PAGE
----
Controlling COD and pathogens is not enough. The discharges of nitrogen, phosphorus and sediments are now the most serious sources of water pollution. These emissions must be reduced in order to improve water quality to acceptable levels. The central government has recognized this and has taken the first step by including ammonia reduction targets in the 12th Five Year Plan.  Ammonia is a form of nitrogen that is mainly discharged from agricultural runoff, municipal and industrial wastewater, and emissions to the air from agricultural operations and factories. It exerts an oxygen demand and it can also be toxic to aquatic life, so reducing ammonia discharges will have many benefits. While it is an important first step, setting targets for ammonia reductions must be followed by reducing total nitrogen and total phosphorus discharges, as well as sediment discharges. Otherwise, few water bodies in China will meet the desired water quality standards.

Reducing nitrogen, phosphorus, and sediment discharges will require new strategies and cannot be achieved merely through building or upgrading wastewater treatment plants or closing polluting factories. The main sources of nutrient pollution are nonpoint in nature, with agriculture being the biggest source. The costs of controlling nutrient pollution can be high and attention must be paid to the cost-effectiveness of all proposed measures. Comprehensive strategies that address all sources and sectors, and that consider cost-effectiveness in selecting reduction mechanisms, are needed.

Pollutant Reduction Opportunity Analysis

In order to evaluate the cost-effectiveness of various nutrient pollutant reduction opportunities, the World Resources Institute (WRI) is working with Tsinghua University, supported by ADM Capital Foundation, and other partners to carry out a specific project in municipalities within the Tai Lake basin. The goals are to develop an analytical approach and decision-support tool to help Chinese decision-makers select the cost-effective options to reduce ammonia, nitrogen and nutrient  discharges into the water environment, thus helping to improve the water quality of  lakes and rivers in China at lower cost and more effectively.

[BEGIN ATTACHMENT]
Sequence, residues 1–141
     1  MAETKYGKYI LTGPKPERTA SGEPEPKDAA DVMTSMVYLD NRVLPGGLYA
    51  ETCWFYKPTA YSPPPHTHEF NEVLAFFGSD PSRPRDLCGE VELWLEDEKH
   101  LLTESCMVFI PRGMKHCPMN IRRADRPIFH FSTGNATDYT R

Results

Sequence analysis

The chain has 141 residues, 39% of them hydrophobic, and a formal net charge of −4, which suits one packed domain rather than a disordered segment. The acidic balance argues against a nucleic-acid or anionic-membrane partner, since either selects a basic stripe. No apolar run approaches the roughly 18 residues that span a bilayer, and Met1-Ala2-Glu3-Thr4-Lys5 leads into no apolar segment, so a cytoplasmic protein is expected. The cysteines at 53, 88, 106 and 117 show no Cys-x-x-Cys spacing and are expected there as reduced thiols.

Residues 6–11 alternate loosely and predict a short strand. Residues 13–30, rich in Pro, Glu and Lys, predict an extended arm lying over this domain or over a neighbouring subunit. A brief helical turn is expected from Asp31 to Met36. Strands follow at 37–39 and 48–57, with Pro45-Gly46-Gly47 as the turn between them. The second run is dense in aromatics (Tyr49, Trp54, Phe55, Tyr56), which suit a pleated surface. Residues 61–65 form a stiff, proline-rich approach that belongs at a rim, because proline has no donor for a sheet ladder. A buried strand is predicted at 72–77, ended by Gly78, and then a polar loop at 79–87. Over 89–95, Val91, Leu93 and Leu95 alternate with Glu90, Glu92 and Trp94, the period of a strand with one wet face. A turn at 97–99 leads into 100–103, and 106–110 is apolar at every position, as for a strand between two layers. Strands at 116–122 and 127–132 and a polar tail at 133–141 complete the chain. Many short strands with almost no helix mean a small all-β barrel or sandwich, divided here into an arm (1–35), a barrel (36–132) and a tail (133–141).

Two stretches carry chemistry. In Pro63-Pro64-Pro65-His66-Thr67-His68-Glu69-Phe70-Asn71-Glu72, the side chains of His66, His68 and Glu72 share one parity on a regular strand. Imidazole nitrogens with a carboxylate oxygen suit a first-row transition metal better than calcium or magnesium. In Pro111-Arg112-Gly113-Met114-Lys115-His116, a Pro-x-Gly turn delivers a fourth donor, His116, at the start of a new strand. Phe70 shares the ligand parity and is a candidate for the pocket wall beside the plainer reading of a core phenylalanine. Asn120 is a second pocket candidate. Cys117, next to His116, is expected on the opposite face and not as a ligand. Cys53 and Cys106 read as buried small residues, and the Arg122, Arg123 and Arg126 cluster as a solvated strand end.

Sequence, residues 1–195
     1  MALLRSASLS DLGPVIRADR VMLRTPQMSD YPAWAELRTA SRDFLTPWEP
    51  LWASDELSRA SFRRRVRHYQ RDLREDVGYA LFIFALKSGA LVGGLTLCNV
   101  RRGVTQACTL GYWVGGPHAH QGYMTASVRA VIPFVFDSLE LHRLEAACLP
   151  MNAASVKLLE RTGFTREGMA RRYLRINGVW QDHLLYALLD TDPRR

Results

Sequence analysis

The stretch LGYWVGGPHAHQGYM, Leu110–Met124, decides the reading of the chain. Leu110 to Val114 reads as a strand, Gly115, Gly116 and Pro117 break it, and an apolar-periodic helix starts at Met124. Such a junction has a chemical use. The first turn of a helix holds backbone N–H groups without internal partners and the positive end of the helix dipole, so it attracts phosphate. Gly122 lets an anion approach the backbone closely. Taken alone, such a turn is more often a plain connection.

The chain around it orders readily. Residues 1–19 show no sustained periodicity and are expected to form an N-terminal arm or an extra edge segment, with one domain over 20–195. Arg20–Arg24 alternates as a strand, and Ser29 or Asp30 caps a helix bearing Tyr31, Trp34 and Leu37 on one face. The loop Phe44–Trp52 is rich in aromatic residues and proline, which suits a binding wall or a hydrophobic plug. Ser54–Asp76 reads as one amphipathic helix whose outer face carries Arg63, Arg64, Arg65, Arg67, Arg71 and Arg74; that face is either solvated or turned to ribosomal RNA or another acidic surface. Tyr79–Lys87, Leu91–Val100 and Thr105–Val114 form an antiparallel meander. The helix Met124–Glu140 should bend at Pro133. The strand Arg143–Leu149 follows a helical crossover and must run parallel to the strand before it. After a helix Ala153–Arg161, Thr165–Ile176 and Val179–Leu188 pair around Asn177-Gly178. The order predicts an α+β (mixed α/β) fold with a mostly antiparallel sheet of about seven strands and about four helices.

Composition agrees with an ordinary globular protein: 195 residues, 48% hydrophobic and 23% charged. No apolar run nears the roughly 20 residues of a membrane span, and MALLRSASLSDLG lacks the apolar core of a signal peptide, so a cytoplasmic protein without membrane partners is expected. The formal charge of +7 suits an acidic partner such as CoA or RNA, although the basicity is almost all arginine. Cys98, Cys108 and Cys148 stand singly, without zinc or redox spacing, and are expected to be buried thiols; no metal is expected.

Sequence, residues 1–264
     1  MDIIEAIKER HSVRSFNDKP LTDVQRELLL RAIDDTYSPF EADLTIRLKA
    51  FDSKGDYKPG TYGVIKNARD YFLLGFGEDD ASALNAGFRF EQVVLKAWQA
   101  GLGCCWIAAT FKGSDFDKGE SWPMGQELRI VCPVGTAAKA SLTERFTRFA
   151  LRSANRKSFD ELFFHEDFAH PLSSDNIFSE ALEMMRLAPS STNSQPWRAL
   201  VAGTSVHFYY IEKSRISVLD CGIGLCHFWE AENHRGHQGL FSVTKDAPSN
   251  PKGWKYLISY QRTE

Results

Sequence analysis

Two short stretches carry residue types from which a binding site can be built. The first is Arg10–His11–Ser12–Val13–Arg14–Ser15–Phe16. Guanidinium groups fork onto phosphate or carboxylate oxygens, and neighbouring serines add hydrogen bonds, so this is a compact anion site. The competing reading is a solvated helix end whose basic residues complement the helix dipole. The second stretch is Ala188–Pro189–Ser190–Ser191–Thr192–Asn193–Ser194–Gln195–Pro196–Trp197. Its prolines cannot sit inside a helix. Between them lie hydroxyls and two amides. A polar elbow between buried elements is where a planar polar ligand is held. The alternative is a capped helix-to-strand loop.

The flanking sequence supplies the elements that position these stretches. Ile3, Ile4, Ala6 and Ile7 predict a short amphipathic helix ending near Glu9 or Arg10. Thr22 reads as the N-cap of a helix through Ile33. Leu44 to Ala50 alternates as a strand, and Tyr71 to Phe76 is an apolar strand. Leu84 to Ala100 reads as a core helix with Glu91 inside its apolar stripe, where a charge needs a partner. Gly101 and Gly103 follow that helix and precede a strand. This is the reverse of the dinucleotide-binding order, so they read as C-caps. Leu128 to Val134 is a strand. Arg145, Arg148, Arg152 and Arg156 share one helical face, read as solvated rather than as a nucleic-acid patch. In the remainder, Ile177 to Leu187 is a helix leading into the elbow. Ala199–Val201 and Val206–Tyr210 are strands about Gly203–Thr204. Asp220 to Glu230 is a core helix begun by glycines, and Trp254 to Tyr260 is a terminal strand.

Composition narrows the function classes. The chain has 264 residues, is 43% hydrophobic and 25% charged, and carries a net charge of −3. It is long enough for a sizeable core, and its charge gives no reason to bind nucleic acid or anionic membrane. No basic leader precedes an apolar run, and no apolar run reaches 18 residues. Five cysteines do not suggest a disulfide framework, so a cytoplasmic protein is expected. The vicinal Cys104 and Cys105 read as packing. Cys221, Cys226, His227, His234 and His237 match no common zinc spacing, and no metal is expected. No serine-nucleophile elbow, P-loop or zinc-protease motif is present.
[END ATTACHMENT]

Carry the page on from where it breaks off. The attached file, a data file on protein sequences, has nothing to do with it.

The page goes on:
To do so, the team is creating a database of all available options for reducing ammonia, nitrogen, and phosphorus discharges; analyzing the reduction potential and cost of various options; identifying the key sources which also have the most potential for reductions; and prioritizing reductions by sources (sectors) and/or by reduction measures.

The pollution reduction opportunity analysis can provide a tool that can be used at both the local and national level to select cost-effective nutrient-reduction strategies. The Chinese governments need such a tool in order to make wise investment allocation decisions for nutrient reduction in the 12th FYP.


1 World Bank, 2007.Cost of Pollution in China, February 2007, Washington D.C.: the World Bank.
2 In the summer of 2007, Wuxi Municipality shut down  the municipal water supply due to a massive outbreak of  blue-green algae in Tai Lake. Source:
3 In June 2008, the coastal zone of Qingdao was covered by green algae. This algae bloom threatened the sailing events of the Olympic Games. Source:
4 16 times as many WWTPs were constructed from 2000 to 2009 than were constructed in the previous ten year period. Source: Zhong L., 2010. Development of Chinese Wastewater Sector and Financial Mechanism for Water Environment Improvement, Post-doc Report, Beijing: Tsinghua University
5 According to the National Standards on Pollutant Discharge from Urban Wastewater Treatment Plants (GB18918-2002), Class I-A effluent limits for ammonia and total nitrogen are 5 mg/L and 20 mg/L respectively, and 8 mg/L and 15 mg/L respectively for Class I-B.
Debra Tan
Author: Debra Tan
Debra heads the China Water Risk team. She was tasked with taking The Asia Water Project pilot to the next level and was responsible for the direction and build out of China Water Risk portal for ADM Capital Foundation. Debra started her career in finance, spending over a decade as a chartered accountant and investment banker. She has lived and worked in Beijing, HK, KL, London, New York and Singapore. Debra left banking to explore her creative side. She has since pursued her interest in photography and within a year had her first solo exhibition sponsored by a global bank. She also ran and organized hands-on philanthropic and luxury holidays for a small but global private members travel network and applied her auditing, financing and photography skills in the field for various charitable organizations and foundations. Debra believes that we can all make a difference, if only we see the ‘big picture’.
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Cy Jones
Author: Cy Jones
Cy Jones leads the Water Quality Trading Initiative for the Chesapeake Bay watershed. The goal of this initiative is to advance market-based efforts to reduce nutrient pollution impacting the Chesapeake Bay watershed and to promote the development of a framework for interstate nutrient trading. Prior to joining WRI, Cy had a 24 year career with the Washington Suburban Sanitary Commission in Laurel, Maryland, where he managed the regional and regulatory affairs of the water and sewer agency. He spent the intervening two years since retiring from WSSC as a Senior Technologist with the engineering firm of CH2M HILL, where he worked on developing nutrient trading programs in Virginia, Maryland, and North Carolina. Cy has a BA in Zoology and a MS in Environmental Engineering from the University of Iowa.